After reasoning over the ontology we infered that only the Grm1 gene is a subclass of our MetabolicNuclearMembraneReceptorGeneProduct class. Although this is a relatively simple query, in order for it to answer some reasoning is required, which is made possible by this approach of using OWL. Our attempts to replicate such a query in the popular online tools for querying GOA using a simple conjunction of these terms yielded no results, showing a clear advantage to the OWL approach over existing tools.
Figure 1. The classification of the GRM1 gene according to generated defined classes for gene products
Although the queries demonstrated here are relatively simple, they serve to illustrate the potential of a pure OWL approach to querying gene ontology annotations. Using similar patterns we can begin to imagine more complex class description that utilise additional expressivity in OWL, such as the use of complement classes to query for genes that ‘has_molecular_function some not (ReceptorActivity)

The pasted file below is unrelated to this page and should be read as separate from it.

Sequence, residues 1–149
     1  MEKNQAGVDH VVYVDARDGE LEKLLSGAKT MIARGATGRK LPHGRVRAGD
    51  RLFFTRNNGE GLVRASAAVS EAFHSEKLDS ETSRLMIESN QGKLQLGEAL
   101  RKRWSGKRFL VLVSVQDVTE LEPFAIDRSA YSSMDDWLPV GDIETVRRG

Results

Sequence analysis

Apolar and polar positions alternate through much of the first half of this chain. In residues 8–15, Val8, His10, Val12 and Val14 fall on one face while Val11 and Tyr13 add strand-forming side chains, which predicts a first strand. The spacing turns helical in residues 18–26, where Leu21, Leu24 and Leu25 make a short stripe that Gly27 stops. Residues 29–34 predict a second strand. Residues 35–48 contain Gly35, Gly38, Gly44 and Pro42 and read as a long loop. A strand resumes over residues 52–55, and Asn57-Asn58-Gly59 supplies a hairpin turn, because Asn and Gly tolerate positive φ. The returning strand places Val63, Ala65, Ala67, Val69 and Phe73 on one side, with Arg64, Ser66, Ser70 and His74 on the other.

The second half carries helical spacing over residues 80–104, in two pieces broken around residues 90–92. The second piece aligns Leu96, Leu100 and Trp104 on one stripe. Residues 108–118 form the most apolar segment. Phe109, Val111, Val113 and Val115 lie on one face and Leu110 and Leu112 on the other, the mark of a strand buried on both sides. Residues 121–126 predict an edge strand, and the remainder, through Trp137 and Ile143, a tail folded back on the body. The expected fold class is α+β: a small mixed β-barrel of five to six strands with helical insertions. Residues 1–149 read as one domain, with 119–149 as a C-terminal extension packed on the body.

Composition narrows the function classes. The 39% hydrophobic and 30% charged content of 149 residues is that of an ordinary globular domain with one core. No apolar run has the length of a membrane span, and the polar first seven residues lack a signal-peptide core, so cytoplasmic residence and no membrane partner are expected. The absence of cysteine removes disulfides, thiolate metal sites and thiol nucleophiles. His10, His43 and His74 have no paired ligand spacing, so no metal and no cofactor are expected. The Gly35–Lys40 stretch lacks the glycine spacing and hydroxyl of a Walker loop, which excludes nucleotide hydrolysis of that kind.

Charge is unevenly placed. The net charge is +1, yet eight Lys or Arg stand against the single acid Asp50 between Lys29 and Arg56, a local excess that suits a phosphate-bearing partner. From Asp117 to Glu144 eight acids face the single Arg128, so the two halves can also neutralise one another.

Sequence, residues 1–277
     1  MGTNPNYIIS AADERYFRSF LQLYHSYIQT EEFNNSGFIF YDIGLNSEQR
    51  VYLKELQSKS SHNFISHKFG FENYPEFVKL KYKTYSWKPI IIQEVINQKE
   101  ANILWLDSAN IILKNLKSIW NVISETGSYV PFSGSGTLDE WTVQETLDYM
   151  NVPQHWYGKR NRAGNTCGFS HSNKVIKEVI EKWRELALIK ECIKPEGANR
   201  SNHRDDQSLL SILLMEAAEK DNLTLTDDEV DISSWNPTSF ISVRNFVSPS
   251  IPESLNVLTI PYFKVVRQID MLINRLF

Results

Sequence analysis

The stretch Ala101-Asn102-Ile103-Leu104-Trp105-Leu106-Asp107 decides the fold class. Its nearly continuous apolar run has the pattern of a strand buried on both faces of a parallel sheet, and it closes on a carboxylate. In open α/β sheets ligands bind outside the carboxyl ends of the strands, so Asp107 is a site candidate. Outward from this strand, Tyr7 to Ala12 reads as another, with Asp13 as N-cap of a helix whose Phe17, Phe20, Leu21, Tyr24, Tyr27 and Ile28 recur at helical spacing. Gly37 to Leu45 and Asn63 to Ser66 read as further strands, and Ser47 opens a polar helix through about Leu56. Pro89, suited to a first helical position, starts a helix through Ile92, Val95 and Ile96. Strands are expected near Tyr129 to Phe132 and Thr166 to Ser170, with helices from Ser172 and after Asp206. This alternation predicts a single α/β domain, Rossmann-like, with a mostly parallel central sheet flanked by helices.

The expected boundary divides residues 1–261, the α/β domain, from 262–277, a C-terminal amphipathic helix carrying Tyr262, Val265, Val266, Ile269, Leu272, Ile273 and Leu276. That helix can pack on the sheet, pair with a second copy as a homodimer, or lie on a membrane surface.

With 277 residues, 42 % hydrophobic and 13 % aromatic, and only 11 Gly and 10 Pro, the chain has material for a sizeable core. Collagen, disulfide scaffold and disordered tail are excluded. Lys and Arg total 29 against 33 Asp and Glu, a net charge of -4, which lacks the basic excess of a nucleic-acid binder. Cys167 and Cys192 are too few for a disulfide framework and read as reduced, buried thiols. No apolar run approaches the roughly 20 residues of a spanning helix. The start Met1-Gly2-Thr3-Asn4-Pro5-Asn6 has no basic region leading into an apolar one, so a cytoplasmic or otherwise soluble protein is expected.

and participates_in some SignalTransduction’, which would find those genes that have a function other than receptor activity and are involved in signal transduction. (Note that the semantics mean that such genes can have a receptor activity, but must have an activity other than receptor activity. GO annotations are not closed, so we cannot say ‘not (has_molecular_fucntion some ReceptorActivity)’ and expect to recognize any genes.)
If all the GO molecular function classes were to be replicated as defined classes, we would replicate the GO molecular function ontology; the same would happen for each aspect of GO. As we combine the different aspects of GO in more complex defined classes, we will generate a more complex hierarchy of gene products.
The announcement of the GO cross products extension to the GO will provide logical definitions for the GO classes. These definitions will enable richer OWL queries over the GO annotations and the potential to infer more annotations on existing GOA genes (Fernández-Breis 2010).